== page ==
This package calculates the European put and call option prices using the Corrado and Su (1996) model. This method explicitly allows for excess skewness and kurtosis in an expanded Black-Scholes option pricing formula. The approach adapts a Gram-Charlier series expansions of the standard normal density function to yield an option price formula that is the sum of a Black–Scholes option price plus adjustment terms for nonnormal skewness and kurtosis (Corrado and Su, 1997).

For skewness = 0 and kurtosis = 3, the Corrado-Su option prices are equal to the prices obtained using the Black and Scholes (1973) model.

You can download the Matlab code at Corrado and Su (1996) European Option Prices.

References:

Corrado, C.J., and Su T. Skewness and kurtosis in S&P 500 Index returns implied by option prices. Financial Research 19:175–92, 1996.

Corrado, C.J., and Su T. Implied volatility skews and stock return skewness and kurtosis implied by stock option prices. European Journal of Finance 3:73–85, 1997.

Hull, J.C., "Options, Futures, and Other Derivatives", Prentice Hall, 5th edition, 2003.

Luenberger, D.G., "Investment Science", Oxford Press, 1998.

This package calculates the European put and call option prices using the Corrado and Su (1996) model. This method explicitly allows for excess skewness and kurtosis in an expanded Black-Scholes option pricing formula. The approach adapts a Gram-Charlier series expansions of the standard normal density function to yield an option price formula that is the sum of a Black–Scholes option price plus adjustment terms for nonnormal skewness and kurtosis (Corrado and Su, 1997).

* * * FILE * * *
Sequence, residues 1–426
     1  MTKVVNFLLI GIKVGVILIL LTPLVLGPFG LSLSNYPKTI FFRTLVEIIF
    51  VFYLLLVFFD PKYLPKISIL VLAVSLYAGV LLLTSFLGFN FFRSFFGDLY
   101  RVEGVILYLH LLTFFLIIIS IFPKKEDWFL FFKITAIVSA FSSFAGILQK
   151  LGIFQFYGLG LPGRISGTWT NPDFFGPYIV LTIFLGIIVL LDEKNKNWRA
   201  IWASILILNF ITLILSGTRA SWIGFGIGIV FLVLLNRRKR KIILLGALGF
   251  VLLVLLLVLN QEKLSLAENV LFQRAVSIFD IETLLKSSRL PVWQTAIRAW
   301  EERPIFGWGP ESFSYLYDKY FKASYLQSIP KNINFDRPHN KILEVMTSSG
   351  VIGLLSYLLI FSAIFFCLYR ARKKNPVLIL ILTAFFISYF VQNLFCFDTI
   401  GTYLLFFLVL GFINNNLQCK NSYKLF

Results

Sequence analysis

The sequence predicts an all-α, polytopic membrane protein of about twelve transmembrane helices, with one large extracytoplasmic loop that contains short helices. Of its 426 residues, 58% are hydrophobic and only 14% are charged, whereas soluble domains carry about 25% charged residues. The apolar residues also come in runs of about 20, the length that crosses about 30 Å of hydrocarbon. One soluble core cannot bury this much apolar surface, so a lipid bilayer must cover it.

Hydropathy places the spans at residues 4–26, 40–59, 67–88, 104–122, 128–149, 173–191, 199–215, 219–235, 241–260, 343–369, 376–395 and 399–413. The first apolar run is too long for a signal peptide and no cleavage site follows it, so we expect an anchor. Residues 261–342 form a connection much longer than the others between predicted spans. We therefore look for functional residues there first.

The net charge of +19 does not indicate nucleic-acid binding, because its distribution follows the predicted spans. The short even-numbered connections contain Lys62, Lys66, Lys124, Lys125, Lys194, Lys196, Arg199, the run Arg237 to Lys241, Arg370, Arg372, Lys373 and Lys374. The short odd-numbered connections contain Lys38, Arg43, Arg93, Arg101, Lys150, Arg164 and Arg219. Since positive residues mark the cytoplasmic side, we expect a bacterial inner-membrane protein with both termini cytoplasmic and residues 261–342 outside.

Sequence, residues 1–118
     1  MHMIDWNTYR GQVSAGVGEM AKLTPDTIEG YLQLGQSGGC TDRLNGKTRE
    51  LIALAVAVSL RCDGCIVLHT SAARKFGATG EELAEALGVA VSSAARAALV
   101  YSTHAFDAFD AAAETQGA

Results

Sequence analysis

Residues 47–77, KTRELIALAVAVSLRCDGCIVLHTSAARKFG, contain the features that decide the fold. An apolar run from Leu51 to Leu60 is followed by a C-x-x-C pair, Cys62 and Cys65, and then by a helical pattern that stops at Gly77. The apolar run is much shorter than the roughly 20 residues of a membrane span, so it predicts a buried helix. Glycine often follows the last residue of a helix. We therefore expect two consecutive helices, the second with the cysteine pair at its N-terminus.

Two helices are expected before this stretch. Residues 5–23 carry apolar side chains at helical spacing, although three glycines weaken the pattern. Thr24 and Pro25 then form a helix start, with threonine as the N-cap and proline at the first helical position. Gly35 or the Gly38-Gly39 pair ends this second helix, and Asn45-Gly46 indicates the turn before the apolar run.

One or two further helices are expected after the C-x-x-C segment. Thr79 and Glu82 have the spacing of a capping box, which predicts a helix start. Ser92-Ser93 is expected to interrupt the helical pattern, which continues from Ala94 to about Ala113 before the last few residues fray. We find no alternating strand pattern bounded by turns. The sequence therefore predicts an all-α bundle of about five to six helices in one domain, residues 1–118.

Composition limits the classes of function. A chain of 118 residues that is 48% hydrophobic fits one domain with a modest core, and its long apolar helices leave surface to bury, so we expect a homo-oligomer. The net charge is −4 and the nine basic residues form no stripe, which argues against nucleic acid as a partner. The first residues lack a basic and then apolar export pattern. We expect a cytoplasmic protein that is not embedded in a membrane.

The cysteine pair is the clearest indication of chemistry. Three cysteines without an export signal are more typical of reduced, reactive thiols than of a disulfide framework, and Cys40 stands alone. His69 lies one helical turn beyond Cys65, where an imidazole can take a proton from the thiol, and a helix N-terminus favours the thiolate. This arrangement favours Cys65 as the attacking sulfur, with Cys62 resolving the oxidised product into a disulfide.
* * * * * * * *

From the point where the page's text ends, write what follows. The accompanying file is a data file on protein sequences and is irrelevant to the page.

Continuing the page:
For skewness = 0 and kurtosis = 3, the Corrado-Su option prices are equal to the prices obtained using the Black and Scholes (1973) model.

You can download the Matlab code at Corrado and Su (1996) European Option Prices.

References:

Corrado, C.J., and Su T. Skewness and kurtosis in S&P 500 Index returns implied by option prices. Financial Research 19:175–92, 1996.

Corrado, C.J., and Su T. Implied volatility skews and stock return skewness and kurtosis implied by stock option prices. European Journal of Finance 3:73–85, 1997.

Hull, J.C., "Options, Futures, and Other Derivatives", Prentice Hall, 5th edition, 2003.

Luenberger, D.G., "Investment Science", Oxford Press, 1998.

Dec
28

The Basel Committee on Banking Supervision has received a number of interpretation questions related to the December 2010 publication of the Basel III regulatory frameworks for capital and liquidity and the 13 January 2011 press release on the loss absorbency of capital at the point of non-viability.

Below are three sets of frequently asked questions (FAQs) that relate to counterparty credit risk, including the default counterparty credit risk charge, the credit valuation adjustment (CVA) capital charge and asset value correlations. More sets may be forthcoming, stay tuned.

First set

Second set

Third set

Fourth set

Below are three sets of frequently asked questions (FAQs) that relate to counterparty credit risk, including the default counterparty credit risk charge, the credit valuation adjustment (CVA) capital charge and asset value correlations. More sets may be forthcoming, stay tuned.

First set

Second set

Third set

Fourth set